FOR IMMEDIATE RELEASE
Tara DiMilia, 908-947-0500, tara.dimilia@TMstrat.com
Citizen-Scientist Study is First to Find Ticks Capable of Carrying Lyme Disease in 83 U.S. Counties Where Previously Undetected
Study Validates Citizen Participation as Viable Method for Health Agencies to Evaluate Tick-borne Disease Risk
PORTOLA VALLEY, CA, July 12, 2018 — Bay Area Lyme Foundation, a leading nonprofit funder of innovative Lyme disease research in the U.S., today announced the results of the first citizen-scientist study to evaluate the prevalence of disease-carrying ticks throughout the United States. Conducted through a partnership with Northern Arizona University and Colorado State University and published in the peer-review journal PLOS ONE, the study is based on a massive sample of more than 16,000 ticks collected from 49 U.S. states and Puerto Rico. The study found ticks capable of carrying Lyme and other tick-borne diseases in 83 counties (in 24 states) where these ticks had not been previously recorded. The program received a six-fold increase in tick submissions over initial estimates, representing unprecedented national coordination of a ‘citizen science’ effort and diagnostic investigation.
“Identifying geographic patterns of tick-human contact provides valuable insight that may help public health officials, patients and physicians become more vigilant about Lyme disease, increasing early diagnosis,” stated Linda Giampa, executive director at Bay Area Lyme Foundation. “Based on these findings, it is critical that residents throughout the country take precautions and know the symptoms of tick-borne infections, even in areas where ticks have not previously been shown to cause disease.”
The 24 states that contain counties with newly documented Ixodes scapularis (deer tick) or Ixodes pacificus (Western black-legged tick) populations are: Alabama, Arizona, Georgia, Illinois, Indiana, Iowa, Kansas, Kentucky, Louisiana, Michigan, Minnesota, Montana, Missouri, Nevada, North Carolina, Ohio, Oregon, South Carolina, Tennessee, Texas, Utah, Virginia, Washington, and Wisconsin.
“The overwhelming study participation from residents throughout the country and the surprising number of counties impacted demonstrates that great interest and need exist throughout the country for this information,” said lead author Nate Nieto, PhD, associate professor in NAU’s Department of Biological Sciences. “This study offers a unique and valuable perspective because it looks at risk to humans that goes beyond the physician-reported infection rates and involves ticks that were found on or near people.”
Not all public health agencies throughout the United States have tick collection, disease risk assessment systems and/or tick-borne disease reporting requirements. Importantly, this study showed disease-causing pathogens were found in areas that may not have sufficient reporting structures. For example, researchers found ticks carrying Babesia, microscopic parasites carried by ticks that cause the disease babesiosis, in 26 counties (across 10 states) in which the public health department does not require physicians to report cases of babesiosis.
Other interesting findings include:
- Anaplasma, Babesia, and Borrelia pathogens were found in all three of the most commonly encountered ticks collected – Ixodes, Amblyomma and Dermacentor species
- All life stages of these three tick species, including some larvae, were found to be infected with both Borrelia burgdorferi and Borrelia miyamotoi
- Several Amblyomma americanum, which is commonly known as the Lone Star tick and capable of carrying bacteria that cause disease in humans, were found in Northern California, the first known report of this tick in the state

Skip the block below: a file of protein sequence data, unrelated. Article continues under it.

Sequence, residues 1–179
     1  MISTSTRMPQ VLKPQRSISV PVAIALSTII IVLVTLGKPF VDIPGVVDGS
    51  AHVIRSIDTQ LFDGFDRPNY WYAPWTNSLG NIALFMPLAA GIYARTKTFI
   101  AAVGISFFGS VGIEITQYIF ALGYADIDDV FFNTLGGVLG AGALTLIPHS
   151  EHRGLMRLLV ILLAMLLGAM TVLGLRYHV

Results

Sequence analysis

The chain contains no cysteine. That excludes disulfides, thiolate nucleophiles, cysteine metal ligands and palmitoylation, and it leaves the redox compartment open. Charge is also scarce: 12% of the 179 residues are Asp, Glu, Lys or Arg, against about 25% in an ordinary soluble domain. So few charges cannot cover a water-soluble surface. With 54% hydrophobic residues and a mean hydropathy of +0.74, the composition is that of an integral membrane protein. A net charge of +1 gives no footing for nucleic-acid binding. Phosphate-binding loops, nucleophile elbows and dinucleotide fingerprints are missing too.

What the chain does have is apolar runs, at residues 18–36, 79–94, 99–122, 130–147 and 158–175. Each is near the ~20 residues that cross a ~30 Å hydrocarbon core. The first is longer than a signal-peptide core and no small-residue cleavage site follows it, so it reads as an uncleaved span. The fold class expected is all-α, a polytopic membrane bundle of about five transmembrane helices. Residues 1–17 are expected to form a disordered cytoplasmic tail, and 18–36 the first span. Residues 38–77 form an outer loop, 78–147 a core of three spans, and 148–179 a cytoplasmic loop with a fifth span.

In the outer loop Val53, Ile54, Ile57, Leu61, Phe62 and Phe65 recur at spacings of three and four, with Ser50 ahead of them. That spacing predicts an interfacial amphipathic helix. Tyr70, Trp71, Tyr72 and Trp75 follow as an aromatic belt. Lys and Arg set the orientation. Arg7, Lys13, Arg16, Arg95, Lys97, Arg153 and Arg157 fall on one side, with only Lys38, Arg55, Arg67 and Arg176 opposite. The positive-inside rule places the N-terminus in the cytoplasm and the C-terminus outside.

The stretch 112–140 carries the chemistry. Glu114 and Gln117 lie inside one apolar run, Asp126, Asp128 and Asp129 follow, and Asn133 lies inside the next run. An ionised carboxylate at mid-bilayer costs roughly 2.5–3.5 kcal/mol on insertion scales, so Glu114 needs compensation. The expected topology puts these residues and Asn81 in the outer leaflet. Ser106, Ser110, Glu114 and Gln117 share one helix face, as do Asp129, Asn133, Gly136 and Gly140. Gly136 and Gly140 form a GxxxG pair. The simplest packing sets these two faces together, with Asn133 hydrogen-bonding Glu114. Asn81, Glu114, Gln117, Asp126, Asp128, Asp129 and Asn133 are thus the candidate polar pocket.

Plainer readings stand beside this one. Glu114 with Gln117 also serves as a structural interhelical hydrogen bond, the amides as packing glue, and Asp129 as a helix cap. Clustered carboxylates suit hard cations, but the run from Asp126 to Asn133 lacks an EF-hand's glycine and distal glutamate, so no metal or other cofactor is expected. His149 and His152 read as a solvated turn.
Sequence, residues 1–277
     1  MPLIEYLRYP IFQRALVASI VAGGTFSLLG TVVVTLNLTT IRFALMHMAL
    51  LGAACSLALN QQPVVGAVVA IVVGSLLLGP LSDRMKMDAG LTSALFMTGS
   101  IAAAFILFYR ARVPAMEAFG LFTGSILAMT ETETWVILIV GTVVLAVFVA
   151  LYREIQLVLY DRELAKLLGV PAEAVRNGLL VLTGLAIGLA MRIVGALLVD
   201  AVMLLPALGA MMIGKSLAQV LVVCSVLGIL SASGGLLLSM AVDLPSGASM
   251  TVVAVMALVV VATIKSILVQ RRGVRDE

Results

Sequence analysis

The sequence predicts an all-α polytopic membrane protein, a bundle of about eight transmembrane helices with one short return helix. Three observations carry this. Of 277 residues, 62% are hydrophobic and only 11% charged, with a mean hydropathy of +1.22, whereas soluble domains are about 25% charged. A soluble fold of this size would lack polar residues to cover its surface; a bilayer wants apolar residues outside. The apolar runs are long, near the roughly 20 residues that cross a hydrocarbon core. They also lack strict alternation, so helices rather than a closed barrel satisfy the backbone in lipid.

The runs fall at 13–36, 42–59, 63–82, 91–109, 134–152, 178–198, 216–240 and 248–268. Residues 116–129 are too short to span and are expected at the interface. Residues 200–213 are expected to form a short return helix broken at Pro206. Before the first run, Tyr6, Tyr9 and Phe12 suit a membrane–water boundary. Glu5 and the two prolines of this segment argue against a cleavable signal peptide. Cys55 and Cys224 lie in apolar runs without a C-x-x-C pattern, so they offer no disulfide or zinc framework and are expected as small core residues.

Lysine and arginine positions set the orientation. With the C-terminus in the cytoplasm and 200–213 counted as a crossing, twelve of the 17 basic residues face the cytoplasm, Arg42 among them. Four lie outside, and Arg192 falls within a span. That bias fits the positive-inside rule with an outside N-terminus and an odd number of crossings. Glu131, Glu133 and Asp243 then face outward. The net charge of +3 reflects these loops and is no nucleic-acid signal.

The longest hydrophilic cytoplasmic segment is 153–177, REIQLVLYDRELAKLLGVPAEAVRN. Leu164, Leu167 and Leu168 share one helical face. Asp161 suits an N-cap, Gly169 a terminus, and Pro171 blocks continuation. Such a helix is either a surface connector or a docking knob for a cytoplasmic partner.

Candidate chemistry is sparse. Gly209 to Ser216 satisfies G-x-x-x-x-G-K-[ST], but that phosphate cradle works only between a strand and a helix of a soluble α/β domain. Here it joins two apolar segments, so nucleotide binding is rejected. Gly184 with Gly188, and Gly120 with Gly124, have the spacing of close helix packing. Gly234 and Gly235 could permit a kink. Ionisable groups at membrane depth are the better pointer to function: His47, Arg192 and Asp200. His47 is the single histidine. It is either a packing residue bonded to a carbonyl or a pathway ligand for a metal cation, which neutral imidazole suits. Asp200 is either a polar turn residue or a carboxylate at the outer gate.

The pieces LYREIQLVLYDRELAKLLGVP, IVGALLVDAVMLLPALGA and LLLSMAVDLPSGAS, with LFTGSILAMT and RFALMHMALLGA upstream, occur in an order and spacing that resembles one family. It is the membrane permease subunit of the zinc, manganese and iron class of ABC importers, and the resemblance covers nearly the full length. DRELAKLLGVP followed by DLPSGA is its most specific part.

The study stemmed from the free tick-testing initiative supported by Bay Area Lyme Foundation and conducted by Northern Arizona University. Ticks sent to the initiative from January 2016 through August 2017 were tested free of charge for four of the most common bacterial infections: Borrelia burgdorferi, which causes Lyme disease; Borrelia miyamotoi, which causes tick-borne relapsing fever; Anaplasma phagocytophilum, which causes human granulocytic anaplasmosis, and the protozoan pathogen, Babesia microti. These data were categorized, mapped, and recorded, as well as provided to the submitter. Ticks were submitted from every state except Alaska.
Typical tick collection methods involve researchers canvasing various terrain with large sheet-like material, which collects ticks, but does not take into account a tick’s natural attraction to mammals. The limitations of citizen studies include uneven awareness of the program across geographic areas, the fact that ticks may remain attached to a person as they travel, and reliance on motivation of people who encounter ticks.
One of the fastest–growing infectious diseases in the country, Lyme disease is a potentially disabling infection caused by bacteria transmitted through the bite of an infected tick to people and pets. There are about 329,000 new cases of Lyme disease each year, according to statistics released in 2015 by the CDC. As a result of the difficulty in diagnosing and treating Lyme disease, as many as one million Americans may be suffering from the impact of its debilitating long-term symptoms and complications, according to Bay Area Lyme Foundation estimates.
About Bay Area Lyme Foundation
Bay Area Lyme Foundation, a national organization committed to making Lyme disease easy to diagnose and simple to cure, is the leading public foundation sponsor of innovative Lyme disease research in the U.S. A 501c3 non-profit organization based in Silicon Valley, Bay Area Lyme Foundation collaborates with world-class scientists and institutions to accelerate medical breakthroughs for Lyme disease. It is also dedicated to providing reliable, fact-based information so that prevention and the importance of early treatment are common knowledge. A pivotal donation from The LaureL STEM Fund covers all overhead costs and allows for 100% of all donor contributions to Bay Area Lyme Foundation to go directly to research and prevention programs. For more information about Lyme disease or to get involved, visit www.bayarealyme.org or call us at 650-530-2439.